Simply food


An aromatic veggie casserole

An aromatic veggie casserole

RECIPE: Ratatouille Niçoise, an aromatic veggie casserole from Nice in the south of  France.

DIARY: How to Eat Well and Stay Single, a cookbook for batchelors, gets published … long, long ago.

The air is redolent with the scents of southern France as I cook up a casserole of ratatouille Niçoise, a succulent, rich veggie dish. It takes a bit of time to prepare as all the ingredients are cooked separately and then assembled for a final baking to mingle the flavours. The wait is worth it. Ratatouille can be eaten as a main course, on its own or as an accompaniment to a simple meat dish, hot or cold, and is wonderful as a left-over the next day, when the flavours have, if anything, become more intense and integrated.

I’m thinking a lot about my readers these days, who is reading my blog and what they are getting out of it. After a month with more than a dozen articles published, recipes are running about equal in popularity with travel stories.

My credentials as a cook are simple. I’m not a chef, just someone who likes home cooking. Everything I do I’ve taught myself and what turns out well is usually the result of a lot of experimentation. I found cooking so much fun, and had such an appreciative audience for my earliest efforts, that I wanted to share some of those I made many years ago. Now I want to share more that I’ve come to enjoy since.

Not such a success, as it turned out

Not such a success, as it turned out

I started writing a food column for a Canadian magazine. It was called Success and it wasn’t, folding after less than half a dozen issues. But it did catch the eye of a publisher, who saw one of my pieces and asked if I would consider putting my columns together for a book. It was a stretch to jump from three or four columns in a pseudo-Playboy magazine, to writing a whole book. My friends had to endure months of trials and errors as I slaved away to produce simple food that would be easy to cook, with a guaranteed method of preparation.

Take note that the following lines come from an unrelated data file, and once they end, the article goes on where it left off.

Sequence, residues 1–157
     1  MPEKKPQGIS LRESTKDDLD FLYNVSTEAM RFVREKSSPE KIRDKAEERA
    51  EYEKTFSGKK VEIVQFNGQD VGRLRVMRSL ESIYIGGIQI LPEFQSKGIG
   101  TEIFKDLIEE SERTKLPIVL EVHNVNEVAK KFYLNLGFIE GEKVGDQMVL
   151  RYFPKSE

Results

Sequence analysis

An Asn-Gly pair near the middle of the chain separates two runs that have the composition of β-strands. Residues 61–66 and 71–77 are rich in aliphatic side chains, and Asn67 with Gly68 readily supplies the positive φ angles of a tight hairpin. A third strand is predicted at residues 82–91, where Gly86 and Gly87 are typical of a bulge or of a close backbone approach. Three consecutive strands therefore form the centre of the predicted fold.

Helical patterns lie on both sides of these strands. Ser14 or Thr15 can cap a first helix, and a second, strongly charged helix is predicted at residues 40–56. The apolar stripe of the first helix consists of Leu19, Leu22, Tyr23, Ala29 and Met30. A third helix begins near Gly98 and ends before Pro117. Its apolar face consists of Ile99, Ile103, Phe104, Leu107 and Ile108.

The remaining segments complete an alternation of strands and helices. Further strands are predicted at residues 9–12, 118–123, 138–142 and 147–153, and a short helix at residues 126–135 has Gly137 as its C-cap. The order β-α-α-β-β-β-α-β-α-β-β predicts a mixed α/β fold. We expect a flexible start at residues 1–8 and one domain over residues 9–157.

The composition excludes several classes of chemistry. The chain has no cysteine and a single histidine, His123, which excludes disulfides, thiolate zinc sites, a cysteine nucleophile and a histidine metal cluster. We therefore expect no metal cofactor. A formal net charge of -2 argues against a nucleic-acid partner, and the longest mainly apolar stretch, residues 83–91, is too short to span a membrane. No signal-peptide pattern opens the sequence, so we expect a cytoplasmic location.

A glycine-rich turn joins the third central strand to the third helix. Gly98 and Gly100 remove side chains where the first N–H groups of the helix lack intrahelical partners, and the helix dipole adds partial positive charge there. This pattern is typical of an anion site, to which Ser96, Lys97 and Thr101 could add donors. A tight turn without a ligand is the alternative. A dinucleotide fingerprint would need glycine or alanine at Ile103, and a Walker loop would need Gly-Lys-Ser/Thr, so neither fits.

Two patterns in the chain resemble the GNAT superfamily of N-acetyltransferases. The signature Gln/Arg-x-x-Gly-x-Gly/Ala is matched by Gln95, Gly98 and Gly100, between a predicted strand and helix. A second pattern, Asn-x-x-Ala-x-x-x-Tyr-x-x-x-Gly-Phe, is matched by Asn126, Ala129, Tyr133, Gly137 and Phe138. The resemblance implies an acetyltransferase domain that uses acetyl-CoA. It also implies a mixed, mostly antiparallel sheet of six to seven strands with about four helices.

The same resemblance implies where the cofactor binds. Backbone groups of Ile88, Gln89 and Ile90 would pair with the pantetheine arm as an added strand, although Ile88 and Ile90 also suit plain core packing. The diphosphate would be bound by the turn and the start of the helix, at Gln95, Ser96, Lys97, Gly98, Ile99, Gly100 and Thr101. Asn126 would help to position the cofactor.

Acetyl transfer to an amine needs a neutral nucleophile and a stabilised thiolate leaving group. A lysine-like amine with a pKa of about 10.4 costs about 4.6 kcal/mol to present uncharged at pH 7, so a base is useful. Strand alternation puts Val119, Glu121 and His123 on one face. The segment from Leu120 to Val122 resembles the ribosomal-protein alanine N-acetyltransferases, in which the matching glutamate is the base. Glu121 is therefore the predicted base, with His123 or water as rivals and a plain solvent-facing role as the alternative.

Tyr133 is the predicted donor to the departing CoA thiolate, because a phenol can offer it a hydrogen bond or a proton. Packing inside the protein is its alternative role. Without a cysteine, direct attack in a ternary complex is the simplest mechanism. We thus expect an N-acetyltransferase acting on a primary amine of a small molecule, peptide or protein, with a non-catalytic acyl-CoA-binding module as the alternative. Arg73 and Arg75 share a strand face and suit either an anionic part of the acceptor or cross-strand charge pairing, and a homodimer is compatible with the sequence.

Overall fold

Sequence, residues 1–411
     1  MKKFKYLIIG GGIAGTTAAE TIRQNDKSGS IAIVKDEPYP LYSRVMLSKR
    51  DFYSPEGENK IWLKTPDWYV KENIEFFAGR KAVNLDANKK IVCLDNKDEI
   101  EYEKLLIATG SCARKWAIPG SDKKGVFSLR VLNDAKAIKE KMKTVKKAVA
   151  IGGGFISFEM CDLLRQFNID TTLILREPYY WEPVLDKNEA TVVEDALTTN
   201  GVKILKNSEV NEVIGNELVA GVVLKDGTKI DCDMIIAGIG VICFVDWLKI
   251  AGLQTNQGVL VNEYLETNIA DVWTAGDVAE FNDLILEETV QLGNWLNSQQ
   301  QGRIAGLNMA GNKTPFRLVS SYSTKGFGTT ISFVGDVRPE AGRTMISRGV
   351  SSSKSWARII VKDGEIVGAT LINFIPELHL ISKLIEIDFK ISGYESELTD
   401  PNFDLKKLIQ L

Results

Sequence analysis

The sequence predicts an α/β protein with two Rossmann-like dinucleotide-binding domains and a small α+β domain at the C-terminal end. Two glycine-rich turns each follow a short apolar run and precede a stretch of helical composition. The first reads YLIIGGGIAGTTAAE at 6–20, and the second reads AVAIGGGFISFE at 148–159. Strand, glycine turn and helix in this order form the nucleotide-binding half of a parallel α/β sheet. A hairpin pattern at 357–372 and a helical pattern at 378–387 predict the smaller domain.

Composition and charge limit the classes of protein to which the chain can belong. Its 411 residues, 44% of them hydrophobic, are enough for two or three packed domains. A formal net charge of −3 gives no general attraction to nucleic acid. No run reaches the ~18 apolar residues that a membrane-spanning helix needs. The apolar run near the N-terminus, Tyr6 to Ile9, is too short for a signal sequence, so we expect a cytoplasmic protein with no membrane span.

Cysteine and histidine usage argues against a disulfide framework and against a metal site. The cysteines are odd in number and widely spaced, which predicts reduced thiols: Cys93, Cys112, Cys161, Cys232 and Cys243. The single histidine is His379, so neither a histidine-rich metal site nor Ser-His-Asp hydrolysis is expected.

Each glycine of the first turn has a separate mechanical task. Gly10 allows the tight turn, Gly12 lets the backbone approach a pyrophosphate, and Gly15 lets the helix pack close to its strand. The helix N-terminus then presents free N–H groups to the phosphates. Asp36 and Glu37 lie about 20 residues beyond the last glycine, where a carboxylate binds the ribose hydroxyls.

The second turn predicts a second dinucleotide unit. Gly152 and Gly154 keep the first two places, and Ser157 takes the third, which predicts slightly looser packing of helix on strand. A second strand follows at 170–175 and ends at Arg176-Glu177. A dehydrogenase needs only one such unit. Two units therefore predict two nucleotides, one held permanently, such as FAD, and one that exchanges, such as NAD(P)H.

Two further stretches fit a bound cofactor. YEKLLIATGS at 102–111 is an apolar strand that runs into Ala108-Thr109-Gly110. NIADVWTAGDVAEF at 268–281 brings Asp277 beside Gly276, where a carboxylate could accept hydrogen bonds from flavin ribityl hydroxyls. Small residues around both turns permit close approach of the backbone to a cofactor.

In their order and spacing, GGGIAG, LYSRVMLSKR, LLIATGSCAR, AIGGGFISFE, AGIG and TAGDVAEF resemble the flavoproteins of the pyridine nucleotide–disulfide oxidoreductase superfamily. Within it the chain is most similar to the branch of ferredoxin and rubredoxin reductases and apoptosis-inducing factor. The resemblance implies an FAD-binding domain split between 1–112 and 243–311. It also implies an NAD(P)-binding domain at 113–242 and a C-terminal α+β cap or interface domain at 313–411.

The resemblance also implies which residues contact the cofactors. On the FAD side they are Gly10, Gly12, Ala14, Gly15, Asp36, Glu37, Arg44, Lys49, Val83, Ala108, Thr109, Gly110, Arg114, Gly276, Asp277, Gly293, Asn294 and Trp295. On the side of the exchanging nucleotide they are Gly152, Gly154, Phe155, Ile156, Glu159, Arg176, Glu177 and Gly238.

I worked out a formula, based on what seemed to work best for me: lay out all the ingredients first to check that I had everything I needed, then lay out all the tools to ensure I had the right weapons for the battle ahead, and finally an easy-to-follow step-by-step list of instructions. Once the experimentation was over, I cooked the food again just from my recipe with no ad libs, to make sure it worked perfectly. The publisher liked my approach and after a lot more work revising and re-checking, a publication date was set.

The book still didn’t have a name, but I was meeting with the late Alan Edmonds, then at Maclean’s Magazine, and before his career as a television presenter, who was helping me fix a travel article that editor Peter Newman had savaged. We patched up the story and repaired across the street for a cheap Chinese lunch, where I told Alan about my planned cook book for bachelors. He wrote an idea on a paper napkin and pushed it across the table. “That will sell,” he said. The publisher and I both thought it was brilliant.

A well-launched cover

A well-launched cover

“How To Eat Well and Stay Single” enjoyed a modest success in paperback and though it has long been out of print, I’ve never stopped cooking.